At least Mel can write. I guess that is part of the reason I am so annoyed with him…I’d like to see a good writer do a serious investigation, or at least get together with a serious investigator and write a good book with them. God knows Charach could use that. He’s a good investigator who is not good at all with writing, or web presence for that matter. Charach’s website is very amateurish, and ridiculously I think it hurts his credibility with many people.

    The closest thing Mel ever shows to possessing true investigative skills is when he manages to dig up some obscure idiot who’s making easily debunked conspiracy claims. That is assuming, I guess, that Mel didn’t plant ’em in the first place.

  38. Robert
    Posted July 23, 2007 at 10:48 pm | Permalink

    So now eight months have passed since the BBC ran Shane O’Sullivan’s piece. But for some reason, not one of these brilliant researchers, such as Ayton or Moldea, have yet done the most obvious thing. Think of it. What relatively simple bit of research could one of these people provide which would certainly devastate O’Sullivan’s claims, and in doing so gain for themselves status and notoriety? What would that be?…ah…how about discovering the ‘true’ identity of the individuals in the photos. Yes, it should be a relatively simple matter. How hard could it be to track down three guys (or just one for that matter) who were standing so prominently there in the photos? If they were just regular guys, as people like Ayton and Moldea are so convinced, there shouldn’t be much trouble at all in identifying them, right? If fact, wouldn’t the LAPD’s oh so thorough and extensive investigation have done that in their original ‘investigation?’ Of course they would have.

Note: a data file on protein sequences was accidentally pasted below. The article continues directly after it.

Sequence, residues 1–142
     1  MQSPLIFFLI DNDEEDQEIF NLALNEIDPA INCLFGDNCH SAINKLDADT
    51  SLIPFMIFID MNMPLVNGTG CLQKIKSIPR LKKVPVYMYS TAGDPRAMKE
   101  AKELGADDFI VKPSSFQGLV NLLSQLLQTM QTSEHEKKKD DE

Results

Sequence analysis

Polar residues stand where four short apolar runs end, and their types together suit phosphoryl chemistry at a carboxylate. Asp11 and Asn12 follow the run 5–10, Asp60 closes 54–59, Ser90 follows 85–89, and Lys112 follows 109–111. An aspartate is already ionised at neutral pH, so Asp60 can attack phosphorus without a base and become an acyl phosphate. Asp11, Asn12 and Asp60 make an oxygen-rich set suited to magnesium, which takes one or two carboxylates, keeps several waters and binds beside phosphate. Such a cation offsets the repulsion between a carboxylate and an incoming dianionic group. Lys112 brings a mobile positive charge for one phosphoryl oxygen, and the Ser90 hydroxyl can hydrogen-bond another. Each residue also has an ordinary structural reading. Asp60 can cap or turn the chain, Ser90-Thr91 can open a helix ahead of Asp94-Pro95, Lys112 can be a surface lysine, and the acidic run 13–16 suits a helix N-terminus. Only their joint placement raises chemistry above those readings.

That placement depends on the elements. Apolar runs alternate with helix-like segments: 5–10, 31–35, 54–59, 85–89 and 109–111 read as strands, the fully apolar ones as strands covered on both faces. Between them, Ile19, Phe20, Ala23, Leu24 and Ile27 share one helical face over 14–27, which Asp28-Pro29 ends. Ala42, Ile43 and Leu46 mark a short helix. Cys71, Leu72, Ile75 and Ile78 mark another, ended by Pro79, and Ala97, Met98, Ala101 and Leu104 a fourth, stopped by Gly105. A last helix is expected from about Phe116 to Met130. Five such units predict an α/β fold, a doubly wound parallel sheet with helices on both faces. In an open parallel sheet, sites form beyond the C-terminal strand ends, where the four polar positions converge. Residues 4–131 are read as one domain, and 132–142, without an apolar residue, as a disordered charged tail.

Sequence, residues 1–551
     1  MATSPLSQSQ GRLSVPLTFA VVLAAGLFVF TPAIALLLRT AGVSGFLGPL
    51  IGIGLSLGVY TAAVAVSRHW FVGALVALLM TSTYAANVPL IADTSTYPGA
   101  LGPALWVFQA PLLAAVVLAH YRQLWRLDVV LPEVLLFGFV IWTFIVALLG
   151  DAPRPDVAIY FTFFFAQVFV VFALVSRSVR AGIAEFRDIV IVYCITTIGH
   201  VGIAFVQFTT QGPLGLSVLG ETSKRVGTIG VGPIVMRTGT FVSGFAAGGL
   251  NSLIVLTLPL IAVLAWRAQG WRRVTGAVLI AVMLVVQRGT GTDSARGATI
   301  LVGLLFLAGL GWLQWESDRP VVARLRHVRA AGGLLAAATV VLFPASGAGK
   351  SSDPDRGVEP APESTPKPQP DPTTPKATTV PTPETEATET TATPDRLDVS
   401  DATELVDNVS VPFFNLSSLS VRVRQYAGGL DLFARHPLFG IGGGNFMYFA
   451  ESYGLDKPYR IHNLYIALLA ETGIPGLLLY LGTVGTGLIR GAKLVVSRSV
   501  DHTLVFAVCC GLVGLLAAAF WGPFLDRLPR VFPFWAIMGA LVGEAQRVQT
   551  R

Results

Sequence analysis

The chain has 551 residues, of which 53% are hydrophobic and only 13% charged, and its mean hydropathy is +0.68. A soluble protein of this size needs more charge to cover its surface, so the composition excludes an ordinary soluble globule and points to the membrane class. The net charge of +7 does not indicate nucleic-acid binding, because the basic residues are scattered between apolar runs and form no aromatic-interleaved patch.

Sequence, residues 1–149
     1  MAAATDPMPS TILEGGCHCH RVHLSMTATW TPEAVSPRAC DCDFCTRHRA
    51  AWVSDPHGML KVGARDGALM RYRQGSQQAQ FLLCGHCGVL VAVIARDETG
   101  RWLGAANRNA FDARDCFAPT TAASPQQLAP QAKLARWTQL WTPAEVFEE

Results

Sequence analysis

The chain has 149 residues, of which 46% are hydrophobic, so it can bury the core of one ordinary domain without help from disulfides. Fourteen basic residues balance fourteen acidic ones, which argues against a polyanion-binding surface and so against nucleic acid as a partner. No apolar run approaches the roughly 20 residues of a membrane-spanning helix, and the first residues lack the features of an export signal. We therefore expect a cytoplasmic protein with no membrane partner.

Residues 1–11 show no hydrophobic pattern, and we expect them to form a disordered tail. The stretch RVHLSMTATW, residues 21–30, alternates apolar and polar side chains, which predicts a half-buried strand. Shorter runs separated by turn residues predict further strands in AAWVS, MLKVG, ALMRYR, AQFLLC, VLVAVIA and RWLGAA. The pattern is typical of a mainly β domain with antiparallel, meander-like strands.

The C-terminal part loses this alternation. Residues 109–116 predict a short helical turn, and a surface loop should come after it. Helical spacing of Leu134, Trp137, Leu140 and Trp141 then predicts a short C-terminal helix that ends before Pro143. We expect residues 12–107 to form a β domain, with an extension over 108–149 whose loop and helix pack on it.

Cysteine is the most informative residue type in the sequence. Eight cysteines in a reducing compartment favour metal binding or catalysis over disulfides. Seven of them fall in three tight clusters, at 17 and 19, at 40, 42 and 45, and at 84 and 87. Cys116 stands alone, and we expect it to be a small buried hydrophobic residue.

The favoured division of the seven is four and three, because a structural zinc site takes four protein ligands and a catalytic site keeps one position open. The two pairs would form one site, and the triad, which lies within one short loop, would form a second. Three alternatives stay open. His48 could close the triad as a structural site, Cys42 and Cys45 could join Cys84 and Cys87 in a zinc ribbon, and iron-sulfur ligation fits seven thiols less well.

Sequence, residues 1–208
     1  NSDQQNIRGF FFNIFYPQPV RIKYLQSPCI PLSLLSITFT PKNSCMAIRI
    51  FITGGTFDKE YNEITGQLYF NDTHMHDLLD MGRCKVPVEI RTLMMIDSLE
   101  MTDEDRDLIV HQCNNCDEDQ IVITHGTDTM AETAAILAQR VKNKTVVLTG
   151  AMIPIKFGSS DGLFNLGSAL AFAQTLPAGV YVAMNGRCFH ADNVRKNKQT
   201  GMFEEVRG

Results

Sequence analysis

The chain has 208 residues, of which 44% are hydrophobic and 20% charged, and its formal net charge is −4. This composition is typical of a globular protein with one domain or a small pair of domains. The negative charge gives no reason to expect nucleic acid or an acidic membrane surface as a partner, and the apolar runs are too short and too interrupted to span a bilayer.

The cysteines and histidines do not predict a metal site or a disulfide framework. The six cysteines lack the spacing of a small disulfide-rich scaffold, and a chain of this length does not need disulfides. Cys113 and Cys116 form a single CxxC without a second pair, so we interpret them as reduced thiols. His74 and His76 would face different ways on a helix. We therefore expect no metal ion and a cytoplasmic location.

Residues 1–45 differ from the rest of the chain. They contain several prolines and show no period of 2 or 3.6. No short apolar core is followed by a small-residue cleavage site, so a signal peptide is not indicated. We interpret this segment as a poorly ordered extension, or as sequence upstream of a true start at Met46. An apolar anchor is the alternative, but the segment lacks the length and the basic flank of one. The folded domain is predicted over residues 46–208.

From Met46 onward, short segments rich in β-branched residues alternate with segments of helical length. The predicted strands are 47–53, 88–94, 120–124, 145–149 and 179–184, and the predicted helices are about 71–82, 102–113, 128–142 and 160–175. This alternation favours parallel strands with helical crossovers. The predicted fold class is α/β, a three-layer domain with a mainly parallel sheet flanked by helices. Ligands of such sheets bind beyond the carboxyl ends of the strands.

So that’s strange. Why hasn’t anyone just gone out and found out who these regular guys were? They had to be just your average guys in business suits who just happen to be in the neighborhood of the Ambassador Hotel that night so they decided to show up and hang around a campaign rally. They weren’t campaign workers or news people because of course those individuals were all identified back then.

    What are your theories, Mel? Who could these guys be? Can you just go back to the extensive notes I’m sure you took in your research for your book, and just pull out those names for us? We’d be really appreciative.

  39. Robert
    Posted October 29, 2007 at 7:47 pm | Permalink

    I’m going to use Mark’s blog here as the stage from which I will issue a public, formal challenge, and to which I will attach a cash reward.

    I am willing to pay $1,000 to the individual, or group of individuals, who can successfully argue in a formal public debate, the position that Sirhan acted alone.